Paso de San Francisco

Driving the international San Francisco Pass in the Andes

Paso de San Francisco is an international high mountain pass at an elevation of 4.760m (15,616ft) above the sea level, located on the border of Argentina and Chile. It's one of the highest roads of the country.

Set high at the heart of the Andes cordillera, the pass links the Argentinian province of Catamarca with the Atacama Region of Chile. Access to the pass is typically open all year round, with the occasional closure in winters due to dangerous weather conditions. This is one of the most important passes of the Andes mountains connecting both countries. The area is surrounded by volcanoes, high peaks, salt flats and lagoons.

On the Argentinian side, the road is totally paved. It’s called Route N 60 (RN60). Starting from Fiambala, the road to the pass is 201 km (124.89 mile) long. It’s pretty steep and winding. Located to the west of Catamarca, the road joins several Argentinean towns.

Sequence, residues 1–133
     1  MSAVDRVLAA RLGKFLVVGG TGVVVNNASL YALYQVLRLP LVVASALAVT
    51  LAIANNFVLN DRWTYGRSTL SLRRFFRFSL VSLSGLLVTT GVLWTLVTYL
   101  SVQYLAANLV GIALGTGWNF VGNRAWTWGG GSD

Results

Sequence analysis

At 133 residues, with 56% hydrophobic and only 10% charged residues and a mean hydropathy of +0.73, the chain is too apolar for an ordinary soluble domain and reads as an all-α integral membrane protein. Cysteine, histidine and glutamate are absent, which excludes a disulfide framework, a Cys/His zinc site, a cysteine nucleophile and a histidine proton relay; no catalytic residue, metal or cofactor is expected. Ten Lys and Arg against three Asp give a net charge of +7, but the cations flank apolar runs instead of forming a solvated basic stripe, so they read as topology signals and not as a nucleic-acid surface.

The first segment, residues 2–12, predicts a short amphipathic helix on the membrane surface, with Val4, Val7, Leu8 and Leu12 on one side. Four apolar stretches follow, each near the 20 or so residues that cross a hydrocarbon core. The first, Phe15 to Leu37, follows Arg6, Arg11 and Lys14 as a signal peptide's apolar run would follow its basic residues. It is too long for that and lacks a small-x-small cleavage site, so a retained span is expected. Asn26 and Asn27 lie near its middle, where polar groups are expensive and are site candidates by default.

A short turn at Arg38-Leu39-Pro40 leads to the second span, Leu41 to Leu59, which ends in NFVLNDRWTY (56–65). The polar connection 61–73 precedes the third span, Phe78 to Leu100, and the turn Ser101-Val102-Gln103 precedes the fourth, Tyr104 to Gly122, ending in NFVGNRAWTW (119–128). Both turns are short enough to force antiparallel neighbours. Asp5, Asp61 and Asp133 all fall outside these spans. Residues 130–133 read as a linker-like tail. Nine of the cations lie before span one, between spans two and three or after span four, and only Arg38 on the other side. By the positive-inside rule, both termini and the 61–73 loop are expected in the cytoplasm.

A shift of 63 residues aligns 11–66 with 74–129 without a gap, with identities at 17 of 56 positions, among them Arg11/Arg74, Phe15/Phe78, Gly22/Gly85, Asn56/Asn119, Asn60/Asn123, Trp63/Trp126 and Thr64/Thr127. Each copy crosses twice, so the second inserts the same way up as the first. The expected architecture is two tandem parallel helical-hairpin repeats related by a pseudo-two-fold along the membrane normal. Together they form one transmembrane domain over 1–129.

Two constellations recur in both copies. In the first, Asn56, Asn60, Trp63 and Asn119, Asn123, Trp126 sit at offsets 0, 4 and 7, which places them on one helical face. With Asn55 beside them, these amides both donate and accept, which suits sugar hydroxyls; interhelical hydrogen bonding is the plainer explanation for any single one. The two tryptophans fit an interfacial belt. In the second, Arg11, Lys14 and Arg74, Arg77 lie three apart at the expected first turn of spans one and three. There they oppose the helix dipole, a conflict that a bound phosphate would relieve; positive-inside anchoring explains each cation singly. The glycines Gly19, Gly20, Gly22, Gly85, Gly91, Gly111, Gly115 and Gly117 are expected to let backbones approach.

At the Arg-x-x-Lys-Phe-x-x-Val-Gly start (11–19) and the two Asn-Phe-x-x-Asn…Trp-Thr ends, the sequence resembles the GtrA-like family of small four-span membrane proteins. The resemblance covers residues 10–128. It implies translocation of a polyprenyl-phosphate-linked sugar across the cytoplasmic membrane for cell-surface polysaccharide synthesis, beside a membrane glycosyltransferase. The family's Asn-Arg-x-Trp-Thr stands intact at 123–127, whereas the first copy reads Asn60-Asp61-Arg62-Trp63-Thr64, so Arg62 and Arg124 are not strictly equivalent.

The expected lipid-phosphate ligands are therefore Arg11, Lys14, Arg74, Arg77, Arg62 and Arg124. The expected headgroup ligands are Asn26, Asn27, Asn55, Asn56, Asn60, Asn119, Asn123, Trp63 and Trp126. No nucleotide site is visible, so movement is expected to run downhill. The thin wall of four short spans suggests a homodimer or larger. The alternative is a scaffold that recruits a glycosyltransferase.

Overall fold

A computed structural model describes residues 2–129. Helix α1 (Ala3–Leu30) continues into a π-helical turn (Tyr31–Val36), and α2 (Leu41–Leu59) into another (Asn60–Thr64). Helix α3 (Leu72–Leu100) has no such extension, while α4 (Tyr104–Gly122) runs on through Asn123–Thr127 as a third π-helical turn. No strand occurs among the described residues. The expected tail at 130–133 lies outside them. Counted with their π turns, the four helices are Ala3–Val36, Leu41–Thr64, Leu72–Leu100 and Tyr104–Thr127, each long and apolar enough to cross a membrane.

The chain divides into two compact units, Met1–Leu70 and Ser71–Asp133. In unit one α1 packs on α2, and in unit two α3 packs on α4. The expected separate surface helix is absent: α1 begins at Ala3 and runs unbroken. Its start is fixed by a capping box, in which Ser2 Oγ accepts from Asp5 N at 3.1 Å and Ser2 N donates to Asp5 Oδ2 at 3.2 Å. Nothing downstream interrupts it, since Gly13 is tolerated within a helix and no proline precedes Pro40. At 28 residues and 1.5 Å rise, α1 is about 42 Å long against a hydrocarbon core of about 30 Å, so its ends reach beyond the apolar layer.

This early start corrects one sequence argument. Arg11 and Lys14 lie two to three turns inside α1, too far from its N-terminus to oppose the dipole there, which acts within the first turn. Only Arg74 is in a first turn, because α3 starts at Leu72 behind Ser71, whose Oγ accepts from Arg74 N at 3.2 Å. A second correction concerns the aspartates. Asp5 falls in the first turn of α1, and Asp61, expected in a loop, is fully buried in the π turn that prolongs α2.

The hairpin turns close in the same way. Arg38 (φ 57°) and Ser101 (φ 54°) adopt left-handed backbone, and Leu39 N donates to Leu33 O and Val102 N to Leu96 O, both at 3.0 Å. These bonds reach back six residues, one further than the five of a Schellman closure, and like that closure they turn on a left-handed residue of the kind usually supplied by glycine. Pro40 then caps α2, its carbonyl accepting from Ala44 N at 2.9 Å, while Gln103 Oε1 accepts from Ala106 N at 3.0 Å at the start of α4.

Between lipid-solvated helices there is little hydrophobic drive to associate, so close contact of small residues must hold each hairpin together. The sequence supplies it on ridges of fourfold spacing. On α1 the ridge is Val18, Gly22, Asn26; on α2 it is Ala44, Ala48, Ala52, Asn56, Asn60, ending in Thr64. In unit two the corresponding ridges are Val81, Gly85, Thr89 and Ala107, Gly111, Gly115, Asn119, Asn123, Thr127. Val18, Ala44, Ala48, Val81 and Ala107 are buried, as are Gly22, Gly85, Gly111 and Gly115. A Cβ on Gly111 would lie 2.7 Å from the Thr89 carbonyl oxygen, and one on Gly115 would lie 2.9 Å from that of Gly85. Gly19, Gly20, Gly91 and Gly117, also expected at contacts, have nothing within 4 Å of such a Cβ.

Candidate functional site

On the Chilean side, the road to the pass was totally paved in 2019. It’s called Route CH-31. Starting from Copiapó, the road to the pass is 280 km (173.98 mile) long. On the way to the summit, the road passes next to Maricunga's salt flat on the Nevado Tres Cruces National Park and Laguna Verde.

 

 

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